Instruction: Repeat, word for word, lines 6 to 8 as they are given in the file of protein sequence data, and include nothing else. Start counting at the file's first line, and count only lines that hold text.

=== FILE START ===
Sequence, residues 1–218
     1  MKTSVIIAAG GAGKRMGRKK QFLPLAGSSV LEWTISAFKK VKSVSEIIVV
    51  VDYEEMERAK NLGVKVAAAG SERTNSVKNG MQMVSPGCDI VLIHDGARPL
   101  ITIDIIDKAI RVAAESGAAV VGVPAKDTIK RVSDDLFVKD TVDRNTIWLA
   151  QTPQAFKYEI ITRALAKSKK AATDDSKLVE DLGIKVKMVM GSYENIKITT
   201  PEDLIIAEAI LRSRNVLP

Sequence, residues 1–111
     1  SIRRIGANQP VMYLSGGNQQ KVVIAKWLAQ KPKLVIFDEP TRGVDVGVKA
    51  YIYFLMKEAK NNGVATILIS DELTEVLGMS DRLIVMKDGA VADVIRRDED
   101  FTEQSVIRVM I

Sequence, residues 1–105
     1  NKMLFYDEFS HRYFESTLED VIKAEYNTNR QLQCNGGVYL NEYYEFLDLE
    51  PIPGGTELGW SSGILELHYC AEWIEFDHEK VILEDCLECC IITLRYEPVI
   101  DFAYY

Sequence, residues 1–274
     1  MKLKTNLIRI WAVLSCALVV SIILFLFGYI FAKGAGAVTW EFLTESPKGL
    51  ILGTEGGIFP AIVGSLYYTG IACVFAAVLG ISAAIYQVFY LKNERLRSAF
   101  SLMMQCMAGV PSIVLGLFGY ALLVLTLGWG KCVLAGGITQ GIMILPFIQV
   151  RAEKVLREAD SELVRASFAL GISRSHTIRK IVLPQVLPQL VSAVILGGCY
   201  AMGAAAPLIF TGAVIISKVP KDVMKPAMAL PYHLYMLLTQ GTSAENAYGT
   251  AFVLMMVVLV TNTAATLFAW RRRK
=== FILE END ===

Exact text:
   201  PEDLIIAEAI LRSRNVLP

Sequence, residues 1–111
     1  SIRRIGANQP VMYLSGGNQQ KVVIAKWLAQ KPKLVIFDEP TRGVDVGVKA